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California sand-mining company prevails in lawsuit

San Diego beaches are some of the most beautiful and celebrated in Southern California. People travel from all over the world to walk our golden strands of sand. It doesn’t take much imagination to understand the devastation to our economy and quality of life if our beaches somehow shrank significantly or disappeared altogether.

Researchers say that rising ocean levels due to climate change are slowly covering beaches around the world. Plus, they say beaches are slowly shrinking because of “sand mining” – an underwater operation to remove sand for use in concrete and construction projects. A sand mining company operating in the San Francisco Bay has been the subject of business litigation to try to stop it from removing sand from the bottom of the bay and then selling it for commercial use.

Six years ago, nonprofit environmental advocacy organization San Francisco Baykeeper sued sand-mining firm Hanson Marine Operations and the State Lands Commission to stop sand mining in the Bay. However, an appeals court judge recently sided with the company and their business law attorneys.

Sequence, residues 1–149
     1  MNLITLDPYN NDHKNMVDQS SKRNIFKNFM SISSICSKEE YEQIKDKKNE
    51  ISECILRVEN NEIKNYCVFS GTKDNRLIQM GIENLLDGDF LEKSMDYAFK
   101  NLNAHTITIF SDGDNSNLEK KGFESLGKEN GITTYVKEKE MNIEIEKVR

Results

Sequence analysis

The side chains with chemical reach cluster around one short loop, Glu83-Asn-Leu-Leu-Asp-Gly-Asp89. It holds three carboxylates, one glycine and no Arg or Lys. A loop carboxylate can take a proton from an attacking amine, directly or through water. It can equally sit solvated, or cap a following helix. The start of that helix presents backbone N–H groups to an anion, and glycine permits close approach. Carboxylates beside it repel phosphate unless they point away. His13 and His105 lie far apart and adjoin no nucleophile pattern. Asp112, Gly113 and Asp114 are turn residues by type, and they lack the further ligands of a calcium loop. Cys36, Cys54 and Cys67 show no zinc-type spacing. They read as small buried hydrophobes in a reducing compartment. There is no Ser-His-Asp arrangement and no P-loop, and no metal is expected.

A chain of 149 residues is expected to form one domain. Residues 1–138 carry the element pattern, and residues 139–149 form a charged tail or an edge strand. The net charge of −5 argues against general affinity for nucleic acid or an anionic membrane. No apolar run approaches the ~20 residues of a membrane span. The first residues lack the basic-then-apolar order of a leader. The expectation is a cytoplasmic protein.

The State Lands Commission owns the sand in the public trust and approves or rejects requests to sand-mine.

Hoping to persuade the Commission and courts to stop the mining, the Baykeeper cited studies by its own researchers and others that show that sand at the bottom of the Bay drifts to nearby Ocean Beach.

An attorney for Hanson Marine Operations said, “There is nothing in those studies that says that there is a direct causal link between sediment removal in the bay and erosion at Ocean Beach, which is occurring for a whole multitude of factors.”

The company’s argument prevailed and it retains permission to remove 1.5 million cubic yards of sand.

To protect your commercial interests and rights, speak with a law firm experienced in business litigation.